Saturday, March 27, 2010

Pagan Parenting: Presence and Void, and Other Rude Things

courtesy of It'sGreg, via flickrAn interesting topic came up over dinner this evening with the kids, and though at the time my mouth was full of spinach and gala apple salad, and the conversation quickly moved on to hide-and-seek and other things, I wanted to make a note here of some of my own passing thoughts. For I think that in many ways, we still live with the lessons of our own childhoods and, especially for women, these lessons have not always been the healthiest, physically, emotionally or spiritually. There are a great many things that, looking back, I wish someone had told me when I was a young girl, about how the world works and why people do what they do and think the way they think. And one of those things I wish someone would have told me is: sometimes it's okay to avoid a person, even if it's rude.

To remove oneself from unpleasant or unhealthy company is only one of many rude things frowned upon in women (yes, even today), but it's one that vibrates a sympathetic chord deep in the quiet center of my being, and I find myself desperately wanting to explain to my partner's two oldest daughters that it is, in fact, definitely and completely okay to avoid a person, especially if that person is mean, manipulative or expects you to think and behave in certain ways that you do not, in your heart of hearts, agree with or feel to be right. These girls are on the verge of preadolescence, and the thought that they might grow up thinking that women are expected to always be accommodating and easy-going in whatever company, without thought to their own personal boundaries, needs or self-respect... well, it bothers me. This is basic stuff, of the "say no to drugs/peer-pressure/bridge-jumping" variety. And yet, as I've mentioned here before, they have been raised thus far in a decidedly extroverted and in some ways very gender-traditional household (despite their mother being a self-proclaimed witch), which has left them with the impression that to decline social interaction is, especially in females, the height of rudeness. As both a feminist and an introvert, I feel the need to speak up and represent, for the sake of all my fellow kindly recluses.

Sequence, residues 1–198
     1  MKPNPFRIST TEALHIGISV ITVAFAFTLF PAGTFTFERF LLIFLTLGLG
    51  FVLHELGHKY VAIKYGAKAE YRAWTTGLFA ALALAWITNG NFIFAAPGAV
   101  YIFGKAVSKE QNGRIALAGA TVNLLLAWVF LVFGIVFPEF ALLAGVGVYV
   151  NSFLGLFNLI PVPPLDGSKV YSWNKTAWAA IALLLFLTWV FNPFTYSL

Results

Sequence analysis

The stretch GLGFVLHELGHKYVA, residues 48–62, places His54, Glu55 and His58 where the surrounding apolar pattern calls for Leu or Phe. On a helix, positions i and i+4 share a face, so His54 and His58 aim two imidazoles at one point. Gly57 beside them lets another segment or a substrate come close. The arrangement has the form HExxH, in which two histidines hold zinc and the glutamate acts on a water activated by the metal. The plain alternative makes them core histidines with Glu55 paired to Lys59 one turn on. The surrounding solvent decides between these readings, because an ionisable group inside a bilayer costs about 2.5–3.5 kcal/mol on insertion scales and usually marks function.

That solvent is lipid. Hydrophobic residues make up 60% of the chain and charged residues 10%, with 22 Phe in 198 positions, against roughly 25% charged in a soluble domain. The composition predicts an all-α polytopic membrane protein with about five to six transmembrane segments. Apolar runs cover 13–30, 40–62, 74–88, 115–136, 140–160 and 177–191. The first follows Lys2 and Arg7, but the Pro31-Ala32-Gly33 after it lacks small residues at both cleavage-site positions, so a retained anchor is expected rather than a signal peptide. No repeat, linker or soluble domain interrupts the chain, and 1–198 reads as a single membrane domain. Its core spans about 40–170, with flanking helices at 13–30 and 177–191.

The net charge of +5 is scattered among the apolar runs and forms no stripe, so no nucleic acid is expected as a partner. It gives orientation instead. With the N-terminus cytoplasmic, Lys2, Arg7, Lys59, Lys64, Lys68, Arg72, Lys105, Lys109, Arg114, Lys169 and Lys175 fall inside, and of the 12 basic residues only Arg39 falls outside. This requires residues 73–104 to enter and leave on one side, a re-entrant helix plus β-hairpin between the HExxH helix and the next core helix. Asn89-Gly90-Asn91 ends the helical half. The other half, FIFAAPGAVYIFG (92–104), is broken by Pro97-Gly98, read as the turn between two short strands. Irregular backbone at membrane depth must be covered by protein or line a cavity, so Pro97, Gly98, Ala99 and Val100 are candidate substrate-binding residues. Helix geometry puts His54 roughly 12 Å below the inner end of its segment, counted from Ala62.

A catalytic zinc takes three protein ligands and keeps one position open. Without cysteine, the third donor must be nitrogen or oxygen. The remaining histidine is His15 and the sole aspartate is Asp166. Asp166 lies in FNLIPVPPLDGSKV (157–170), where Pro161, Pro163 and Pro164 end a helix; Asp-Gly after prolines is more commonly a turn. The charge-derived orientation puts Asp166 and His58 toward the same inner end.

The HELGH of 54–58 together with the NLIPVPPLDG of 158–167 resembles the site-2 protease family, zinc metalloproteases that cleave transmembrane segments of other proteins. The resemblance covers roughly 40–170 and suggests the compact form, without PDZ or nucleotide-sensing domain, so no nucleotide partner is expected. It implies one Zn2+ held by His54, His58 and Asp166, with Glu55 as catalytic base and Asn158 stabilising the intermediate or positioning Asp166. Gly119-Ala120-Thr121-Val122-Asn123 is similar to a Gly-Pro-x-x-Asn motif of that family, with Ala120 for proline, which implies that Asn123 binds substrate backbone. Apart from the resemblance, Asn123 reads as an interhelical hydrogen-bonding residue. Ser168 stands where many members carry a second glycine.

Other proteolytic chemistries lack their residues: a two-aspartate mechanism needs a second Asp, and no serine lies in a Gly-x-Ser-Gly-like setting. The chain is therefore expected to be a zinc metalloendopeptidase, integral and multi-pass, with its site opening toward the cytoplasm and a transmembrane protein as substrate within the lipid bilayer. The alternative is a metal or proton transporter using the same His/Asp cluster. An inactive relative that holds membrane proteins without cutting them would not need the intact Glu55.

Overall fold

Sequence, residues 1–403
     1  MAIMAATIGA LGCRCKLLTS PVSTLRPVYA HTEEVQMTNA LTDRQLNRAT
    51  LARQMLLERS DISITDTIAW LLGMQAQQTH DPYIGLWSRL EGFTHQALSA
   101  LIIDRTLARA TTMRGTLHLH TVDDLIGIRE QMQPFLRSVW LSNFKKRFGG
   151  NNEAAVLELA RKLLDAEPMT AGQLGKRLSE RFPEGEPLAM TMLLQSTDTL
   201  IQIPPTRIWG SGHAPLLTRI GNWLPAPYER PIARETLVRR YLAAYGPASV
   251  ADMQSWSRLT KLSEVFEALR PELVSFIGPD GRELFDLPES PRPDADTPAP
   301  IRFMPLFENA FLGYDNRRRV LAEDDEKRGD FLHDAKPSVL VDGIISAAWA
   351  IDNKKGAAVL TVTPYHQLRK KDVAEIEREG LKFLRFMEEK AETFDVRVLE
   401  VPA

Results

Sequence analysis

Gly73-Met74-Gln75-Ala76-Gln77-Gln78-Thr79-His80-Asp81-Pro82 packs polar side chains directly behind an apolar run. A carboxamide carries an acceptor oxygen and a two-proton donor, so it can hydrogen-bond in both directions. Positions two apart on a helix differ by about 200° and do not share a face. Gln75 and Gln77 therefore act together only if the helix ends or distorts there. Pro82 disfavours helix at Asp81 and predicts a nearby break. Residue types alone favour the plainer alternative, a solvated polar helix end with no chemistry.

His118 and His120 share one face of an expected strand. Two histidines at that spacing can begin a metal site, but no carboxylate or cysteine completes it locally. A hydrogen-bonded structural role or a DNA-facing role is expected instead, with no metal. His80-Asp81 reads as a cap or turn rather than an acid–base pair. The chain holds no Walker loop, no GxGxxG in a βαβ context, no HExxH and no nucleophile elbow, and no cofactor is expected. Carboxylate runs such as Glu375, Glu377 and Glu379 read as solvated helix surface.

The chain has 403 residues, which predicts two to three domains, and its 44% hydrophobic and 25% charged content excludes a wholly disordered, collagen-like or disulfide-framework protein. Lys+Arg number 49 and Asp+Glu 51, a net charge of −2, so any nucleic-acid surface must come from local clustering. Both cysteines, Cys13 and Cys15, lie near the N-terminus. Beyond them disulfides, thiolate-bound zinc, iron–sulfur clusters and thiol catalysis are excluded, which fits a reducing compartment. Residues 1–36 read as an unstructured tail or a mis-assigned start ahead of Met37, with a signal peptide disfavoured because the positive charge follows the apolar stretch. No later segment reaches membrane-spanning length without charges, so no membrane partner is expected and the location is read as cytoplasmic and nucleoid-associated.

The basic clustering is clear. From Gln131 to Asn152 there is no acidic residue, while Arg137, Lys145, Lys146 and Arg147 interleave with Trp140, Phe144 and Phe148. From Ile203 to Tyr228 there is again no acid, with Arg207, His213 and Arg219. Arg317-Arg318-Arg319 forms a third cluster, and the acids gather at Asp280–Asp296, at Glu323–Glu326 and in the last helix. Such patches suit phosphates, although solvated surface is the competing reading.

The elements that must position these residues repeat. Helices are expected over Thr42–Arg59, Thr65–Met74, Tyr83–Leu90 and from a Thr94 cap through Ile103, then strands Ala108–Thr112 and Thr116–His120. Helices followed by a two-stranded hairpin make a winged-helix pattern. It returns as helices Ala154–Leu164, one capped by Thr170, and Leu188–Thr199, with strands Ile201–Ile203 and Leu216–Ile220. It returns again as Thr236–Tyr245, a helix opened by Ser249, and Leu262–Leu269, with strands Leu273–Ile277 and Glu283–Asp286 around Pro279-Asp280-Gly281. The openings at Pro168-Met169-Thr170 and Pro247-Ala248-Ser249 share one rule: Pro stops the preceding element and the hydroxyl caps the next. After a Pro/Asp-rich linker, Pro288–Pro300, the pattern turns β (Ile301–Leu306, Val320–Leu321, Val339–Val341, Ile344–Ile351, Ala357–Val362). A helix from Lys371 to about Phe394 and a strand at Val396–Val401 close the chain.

Of course, it's a complicated matter. While avoiding a person can sometimes be the wisest and healthiest thing to do, it is different from merely avoiding confrontation, which is also something highly prized in women. It's important to understand how these two things differ. Avoiding oneself physically from a conflict can in some cases be the most radical kind of confrontation: the very "presence" of one's absence can provoke and challenge, especially at times when one is expected to be present (or at least go through the motions of presence). There are times when showing up and merely "walking through the part" — this kind of false presence of pretending social niceties — is the real avoidance, and what is sacrificed is not only self-respect and honesty, but the sacredness of real presence, and the meaningfulness of real absence.

courtesy of It'sGreg, via flickrAnd this is where the Pagan spiritual life comes to play an important role for me, though there are echoes of Buddhism here as well. For the Pagan parent embraces both the light and the dark of the natural world, the day and the night, the bright sunshine filtering in and filling every space, and the emptiness of the night's void gaping between the faraway stars. The void is not something to fear or shrink from, but has its own role to play in the dance of harmony and balance. And so too does avoidance, which once meant not just to escape or evade, but to withdraw, clear out or empty oneself. It is this same process of emptying oneself that gives us the precious space of solitude and the sacred capacity for connection, through which we can learn to open to our capacity to imagine, and to relate to others. Through ritual and trance, such as that of the shaman, it gives way to what we call "shapeshifting" and journeying through the Otherworlds. But this ability to seek solitude and empty oneself is also a source of stability and strength that can enable us to be kind and loving towards others as well.